When I do this exercise, after concentrating on listening (to the sounds, not the words) for a few minutes,  I restart the file trying to repeat exactly what the artist says. I’m usually a second or two behind and sometimes if phrases are too complex,  I trip up and just jump back in whenever I can. Once I get a little more familiar with the material, I take one of my earbuds out so I can hear my voice better and start a mix of “parroting” (1-2 seconds behind) and synchronized singing. I like to have one earbud out so I can hear my own voice better, especially when I’m trying to sing along. I find this really helps me emulate the sounds of the artist, similar to the way a singer in a choir might calibrate their voice to their neighbor’s.

For my first song, I picked the song Pilotando o Bonde da Excursão by Marcelo D2. It’s mostly about getting stoned, but that’s okay because it’s upbeat, funky, and, most important: fast. It’s been about a month that I’ve been listening to this song at least 3-4 times several days a week and I deliberately only just looked at the lyrics today. Some sources I’ve read suggest that text can trip you up since it doesn’t give any indication which syllables disappear when language is spoken fast (Idahosa Ness calls this “The Flow”). Accordingly, I’ve been trying to focus mostly on the sounds, getting ready to understand the meaning later.

Marcelo D2 ("deh-doish"), a carioca rap artist

There’s one interesting theory I read (forgive me, I lost the reference…) that says you can’t necessarily hear/perceive a sound in a language well until you can make it. For this reason, often, I make a lot of crazy sounds while practicing. D2 says something like “Fala–” and suddenly I pause the recording and try out 5-10 different a sounds, repeating the ones that sound the closest and making all sorts of faces and droning noises to alternate between the open/closed back/front vowel scales I mentioned in this entry. It’s the kind of thing one might want to do behind closed doors…

After using this method on songs, I was watching my novela Vidas em Jogo about a week ago when it occurred to me– could I capture the sound of their rapid fire conversations and slow that down too? The answer, as you may have guessed, is yes.

For my “novela studies,” I generally pick either “listening” or “speaking” when I watch an episode, and either focus intensely on understanding the content or mimic the dialogue, losing sense of the words but focusing on making Portuguese sounds rapidly. (Riffing off Ness, again, who says some interesting things about “babbling” in another language in that blog entry.) By slowing down the novela audio just enough to free up some brain processing space, I found I could do both (understanding, speaking) at once, more or less.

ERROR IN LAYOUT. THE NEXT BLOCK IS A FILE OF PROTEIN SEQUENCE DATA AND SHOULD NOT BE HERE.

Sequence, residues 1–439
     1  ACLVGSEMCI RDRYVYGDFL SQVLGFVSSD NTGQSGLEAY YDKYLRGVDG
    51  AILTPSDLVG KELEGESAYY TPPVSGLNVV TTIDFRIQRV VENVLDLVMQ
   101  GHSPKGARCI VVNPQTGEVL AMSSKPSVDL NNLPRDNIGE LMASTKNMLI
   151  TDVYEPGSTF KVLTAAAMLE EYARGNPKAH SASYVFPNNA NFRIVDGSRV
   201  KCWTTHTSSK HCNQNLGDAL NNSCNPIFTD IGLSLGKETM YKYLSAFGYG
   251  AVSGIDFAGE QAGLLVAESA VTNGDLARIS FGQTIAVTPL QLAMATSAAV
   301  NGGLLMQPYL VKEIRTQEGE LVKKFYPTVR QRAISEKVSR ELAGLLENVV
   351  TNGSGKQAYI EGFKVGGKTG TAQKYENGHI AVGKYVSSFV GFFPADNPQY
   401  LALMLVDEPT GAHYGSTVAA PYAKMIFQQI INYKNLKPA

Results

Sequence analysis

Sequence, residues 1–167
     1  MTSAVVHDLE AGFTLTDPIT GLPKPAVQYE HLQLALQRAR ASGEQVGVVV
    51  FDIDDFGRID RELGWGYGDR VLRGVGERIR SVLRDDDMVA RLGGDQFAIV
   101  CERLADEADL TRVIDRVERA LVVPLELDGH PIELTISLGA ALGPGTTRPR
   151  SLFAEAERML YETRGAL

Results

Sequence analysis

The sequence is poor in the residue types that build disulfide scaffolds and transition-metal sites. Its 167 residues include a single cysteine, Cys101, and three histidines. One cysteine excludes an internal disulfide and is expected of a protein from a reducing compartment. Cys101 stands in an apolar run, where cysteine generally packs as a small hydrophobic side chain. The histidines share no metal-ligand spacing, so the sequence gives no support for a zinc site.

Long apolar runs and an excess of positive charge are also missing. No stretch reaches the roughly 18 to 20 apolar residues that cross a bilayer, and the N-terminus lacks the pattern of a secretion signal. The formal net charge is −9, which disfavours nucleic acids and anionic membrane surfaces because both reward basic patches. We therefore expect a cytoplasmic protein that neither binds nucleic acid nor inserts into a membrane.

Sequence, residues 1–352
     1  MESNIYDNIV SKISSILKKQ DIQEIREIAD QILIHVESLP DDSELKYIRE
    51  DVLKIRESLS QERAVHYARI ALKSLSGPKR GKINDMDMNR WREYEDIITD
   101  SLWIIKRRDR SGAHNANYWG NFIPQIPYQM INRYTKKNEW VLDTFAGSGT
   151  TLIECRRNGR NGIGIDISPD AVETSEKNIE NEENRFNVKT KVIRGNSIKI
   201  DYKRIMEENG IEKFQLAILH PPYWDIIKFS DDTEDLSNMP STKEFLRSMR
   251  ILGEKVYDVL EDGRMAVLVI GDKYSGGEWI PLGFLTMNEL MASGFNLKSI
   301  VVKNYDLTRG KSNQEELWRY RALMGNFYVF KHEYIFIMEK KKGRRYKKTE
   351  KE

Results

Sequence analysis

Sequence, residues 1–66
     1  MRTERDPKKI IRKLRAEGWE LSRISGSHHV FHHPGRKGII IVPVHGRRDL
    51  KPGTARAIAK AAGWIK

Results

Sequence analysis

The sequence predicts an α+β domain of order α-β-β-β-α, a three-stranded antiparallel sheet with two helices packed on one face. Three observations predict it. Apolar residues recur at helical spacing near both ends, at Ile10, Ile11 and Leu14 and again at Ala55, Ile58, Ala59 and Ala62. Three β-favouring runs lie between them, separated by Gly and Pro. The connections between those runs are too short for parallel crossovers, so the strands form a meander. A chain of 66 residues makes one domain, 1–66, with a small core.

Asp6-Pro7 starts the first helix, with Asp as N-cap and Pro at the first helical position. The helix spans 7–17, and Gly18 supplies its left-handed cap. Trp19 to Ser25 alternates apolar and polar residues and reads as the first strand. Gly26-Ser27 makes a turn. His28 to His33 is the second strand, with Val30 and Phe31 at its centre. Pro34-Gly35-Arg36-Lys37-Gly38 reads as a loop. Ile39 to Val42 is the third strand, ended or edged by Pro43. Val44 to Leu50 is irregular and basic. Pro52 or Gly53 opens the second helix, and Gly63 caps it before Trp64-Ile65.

In order to do this, I watched a scene on a youtube clip, trying to understand what the characters were saying. I watched it again mimicking their sounds. After I was familiar with the content, I took the audio from that clip and slowed it down by 30%. I was amazed to find just how many “hidden” words appeared as my brain started figuring out the vocal slurs on a slower timescale. I listened to this slowed down clip several times trying to focus on where one word became another, and recognizing the meanings. Then I started mimicking.

drama, drama... son character gets caught in a lie (Vidas em Jogo)

It was great to have the sound so slow because it gave me time to really adjust my vowels to line up with the speaker’s (the Portuguese a gets me every time…). Soon, I could mimick about 50-70% of the content on the 30% slower speed. I ramped it up to 15% slower and did the same thing. Finally, I set it back to normal speed. By that point, I could only mimic a few sentences reliably– but hey, those are full speed native Portuguese sentences!

The most important part of this exercise has been figuring out which parts of words might be likely to disappear when talking fast. For example, I’ve found that when one word ends in a vowel and the next word begins with a vowel, the second vowel usually “eats” the first (Eg. when said quickly, “minha irmã” sounds like “minhirmã” to me). I don’t claim to know how this works in my brain, but I’ve definitely noticed that working on mimicking small clips of speech has helped me with word transitions in general. When I read now, I somehow know much better than I did before how words should start fitting together. As a result I can read aloud more quickly and with more confidence. I’m definitely improving. It’s a slow process, but–as my former Portuguese teacher here said–baby steps, né?